Success is entirely subjective, yet we often compare ourselves with the societal standards for it. A house, a car, a family, and lots and lots of money.
The stereotypical definition of success is pretty much forced upon us from a really young age, so needless to say we usually internalise it. Even if we don’t personally want those things, its still so easy to think that we should.
One of your high school friends just bought a new house, so she’s successful. A family friend got a huge promotion (aka more money), so now they’re more successful than you. We’re taught to think that money and material possessions are the be all and end all of our success. Without paying 500k for a house how will people ever know I’m successful?!
These material things allow us to easily show off our ‘success’ and gain external validation for it. But unless that’s what you want, it usually ends up feeling pretty hollow and shitty. The issue here is that we’re not taught to value what we want.
Your Own Ideas
I personally define success as perusing my long term goals, and having reached certain markers I’ve set for myself. At the moment most of my goals are centred around this blog and beginning to build a community. In addition to that I do also have monetary goals that I’m working towards. In those cases I think it’s important to be able to understand the driving force behind your goals.
Do you want to earn six figures because you think you’re ‘supposed to’, or because you actually want to? I don’t think assigning shame to wanting money or possessions is a healthy thing to do. If you want to earn a boat load of money just so you can burn it, then go ahead. You’d just probably be a lot happier doing that whilst you genuinely felt happy and fulfilled. Beginning to really consider your personal idea of success is the start of that fulfillment.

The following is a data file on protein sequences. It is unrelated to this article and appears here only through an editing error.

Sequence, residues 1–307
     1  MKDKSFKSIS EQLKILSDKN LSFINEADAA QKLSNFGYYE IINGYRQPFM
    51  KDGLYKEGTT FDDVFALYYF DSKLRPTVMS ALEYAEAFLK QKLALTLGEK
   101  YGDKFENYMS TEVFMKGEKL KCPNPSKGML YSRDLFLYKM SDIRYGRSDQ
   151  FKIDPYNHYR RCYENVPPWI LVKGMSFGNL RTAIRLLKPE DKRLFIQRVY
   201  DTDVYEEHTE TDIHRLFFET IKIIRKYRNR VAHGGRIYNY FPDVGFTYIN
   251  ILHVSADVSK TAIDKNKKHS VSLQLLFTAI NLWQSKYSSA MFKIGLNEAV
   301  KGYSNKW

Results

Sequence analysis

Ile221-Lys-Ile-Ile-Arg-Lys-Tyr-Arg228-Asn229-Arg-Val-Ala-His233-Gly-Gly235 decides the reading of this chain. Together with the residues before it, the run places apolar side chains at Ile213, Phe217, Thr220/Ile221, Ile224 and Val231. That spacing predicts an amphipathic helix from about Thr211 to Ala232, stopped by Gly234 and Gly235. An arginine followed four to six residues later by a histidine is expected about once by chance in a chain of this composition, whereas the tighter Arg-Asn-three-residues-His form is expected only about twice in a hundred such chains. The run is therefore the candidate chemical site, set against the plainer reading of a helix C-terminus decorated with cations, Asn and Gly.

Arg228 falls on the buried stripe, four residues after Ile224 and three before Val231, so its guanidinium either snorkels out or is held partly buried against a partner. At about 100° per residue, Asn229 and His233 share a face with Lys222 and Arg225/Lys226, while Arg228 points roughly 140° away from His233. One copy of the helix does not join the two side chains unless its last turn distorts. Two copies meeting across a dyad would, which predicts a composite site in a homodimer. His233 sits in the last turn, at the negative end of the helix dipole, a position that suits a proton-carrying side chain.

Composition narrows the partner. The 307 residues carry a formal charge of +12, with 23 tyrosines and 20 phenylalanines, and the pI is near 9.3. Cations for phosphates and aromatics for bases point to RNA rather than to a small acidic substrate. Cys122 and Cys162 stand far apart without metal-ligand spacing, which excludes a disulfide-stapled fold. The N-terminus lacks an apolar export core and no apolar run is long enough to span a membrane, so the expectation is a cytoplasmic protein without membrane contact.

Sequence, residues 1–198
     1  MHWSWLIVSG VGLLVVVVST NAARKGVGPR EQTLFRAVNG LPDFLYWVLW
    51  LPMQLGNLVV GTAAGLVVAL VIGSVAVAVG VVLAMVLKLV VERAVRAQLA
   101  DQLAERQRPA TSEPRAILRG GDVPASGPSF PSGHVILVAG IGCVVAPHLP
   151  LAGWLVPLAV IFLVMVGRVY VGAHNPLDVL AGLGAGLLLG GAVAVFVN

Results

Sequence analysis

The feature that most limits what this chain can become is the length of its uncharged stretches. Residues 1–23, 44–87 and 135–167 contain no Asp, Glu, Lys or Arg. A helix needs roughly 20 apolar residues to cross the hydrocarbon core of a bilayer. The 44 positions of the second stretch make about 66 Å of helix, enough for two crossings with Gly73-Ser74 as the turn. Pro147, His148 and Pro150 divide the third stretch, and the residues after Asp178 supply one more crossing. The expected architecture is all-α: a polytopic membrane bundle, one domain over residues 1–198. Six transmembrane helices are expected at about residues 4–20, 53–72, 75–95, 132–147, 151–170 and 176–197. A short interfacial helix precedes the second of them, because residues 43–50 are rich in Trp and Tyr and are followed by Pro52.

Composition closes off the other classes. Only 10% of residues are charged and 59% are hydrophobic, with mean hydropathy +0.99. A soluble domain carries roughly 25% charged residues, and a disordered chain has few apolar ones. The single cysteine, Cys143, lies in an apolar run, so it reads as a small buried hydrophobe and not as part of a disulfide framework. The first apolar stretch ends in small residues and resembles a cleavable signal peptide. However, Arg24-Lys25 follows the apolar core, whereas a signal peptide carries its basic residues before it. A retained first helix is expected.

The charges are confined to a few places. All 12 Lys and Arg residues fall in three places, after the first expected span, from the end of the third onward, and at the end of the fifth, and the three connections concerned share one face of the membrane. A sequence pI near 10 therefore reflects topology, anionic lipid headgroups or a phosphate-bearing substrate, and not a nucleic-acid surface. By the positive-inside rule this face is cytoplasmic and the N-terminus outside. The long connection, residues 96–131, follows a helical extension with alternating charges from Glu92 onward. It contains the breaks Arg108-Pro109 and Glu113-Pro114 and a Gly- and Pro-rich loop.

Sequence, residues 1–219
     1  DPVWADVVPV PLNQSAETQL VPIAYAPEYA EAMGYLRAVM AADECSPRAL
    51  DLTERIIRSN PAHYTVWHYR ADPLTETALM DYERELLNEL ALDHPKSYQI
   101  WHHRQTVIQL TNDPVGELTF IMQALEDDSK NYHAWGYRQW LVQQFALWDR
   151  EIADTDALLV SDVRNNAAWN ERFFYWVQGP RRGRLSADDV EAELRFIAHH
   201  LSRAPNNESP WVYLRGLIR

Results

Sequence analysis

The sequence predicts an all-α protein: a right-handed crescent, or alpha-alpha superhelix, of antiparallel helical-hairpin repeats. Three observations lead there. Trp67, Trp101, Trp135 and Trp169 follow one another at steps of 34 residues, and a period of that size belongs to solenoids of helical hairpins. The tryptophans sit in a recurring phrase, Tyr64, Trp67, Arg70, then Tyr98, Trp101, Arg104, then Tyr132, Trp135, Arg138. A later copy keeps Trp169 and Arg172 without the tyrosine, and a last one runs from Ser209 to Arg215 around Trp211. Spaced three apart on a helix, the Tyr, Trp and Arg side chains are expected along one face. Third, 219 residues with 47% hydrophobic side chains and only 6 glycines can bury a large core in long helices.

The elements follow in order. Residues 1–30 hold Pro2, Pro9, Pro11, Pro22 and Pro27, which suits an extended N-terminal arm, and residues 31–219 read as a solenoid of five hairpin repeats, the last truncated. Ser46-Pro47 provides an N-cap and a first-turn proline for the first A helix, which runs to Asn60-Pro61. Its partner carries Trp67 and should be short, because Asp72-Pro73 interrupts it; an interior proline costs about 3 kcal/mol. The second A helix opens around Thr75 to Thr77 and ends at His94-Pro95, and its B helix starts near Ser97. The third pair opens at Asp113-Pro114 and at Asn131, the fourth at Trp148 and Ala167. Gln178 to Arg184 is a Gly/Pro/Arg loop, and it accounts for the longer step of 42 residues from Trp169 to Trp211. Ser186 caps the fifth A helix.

A big part in finding your own definition of success is becoming comfortable with success. Depending on how your life has been up until now you’ll have a different view on how easy or hard success is to obtain.
If you grew up around people you thought to be successful then you’ll most likely view success as obtainable. But if you grew up without knowing anyone you thought as successful, you’ll think the opposite. The way you spent your formative years sets up your outlook on success. So if you were raised by an unhappy single parent struggling to make ends meet, then being successful may seem like a fairytale. It’s not just your peers that influence your views on success, but your place in society as a whole.
If you’re a minority then being successful can often seem like a thing reserved for white people. I know I’ve definitely had that view and it fucking sucks. Although I was confident growing up I always had a nagging feeling that because I wasn’t white I just physically wouldn’t be able to succeed as much as my peers. Nothing like good ole institutionalised racism to make you feel less than!
The beliefs that society instills in us about your ability to succeed as minorities, or even as women often times aren’t beliefs alone. While you as a person are more than capable of success there can be road blocks in the way. Pay inequality, racism, homophobia, and more are all real issues that affect success.
Carry on Anyway
Okay so you’re up against societal judgement and values, racism, gender inequality, and your own limiting beliefs. If you want to reach your own definition of success you just have to carry in anyway. Despite all of the shit that gets in the way, despite the feelings of inadequacy you may have, and despite the success that everyone else appears to have- just carry on. Because if you give up and stop you’ll never reach that success you want.
If your path to success is easy, well then that’s probably because society has made it easy for you. But if it’s hard it’s because you’ve really had to fight for it. Paving your own way to reach your own goals- that’s success.
So recently I’ve started working towards my own success, and obviously it’s not easy. I’m not sure if there’s an end goal but there’s certainly lots of things to celebrate along the way. And on days where I feel like I won’t get there, I just have to remind myself that I’m not just making up problems.
There are big issues with the way society views success, and who they gatekeeper it from. But that doesn’t mean we can’t make our own version of it.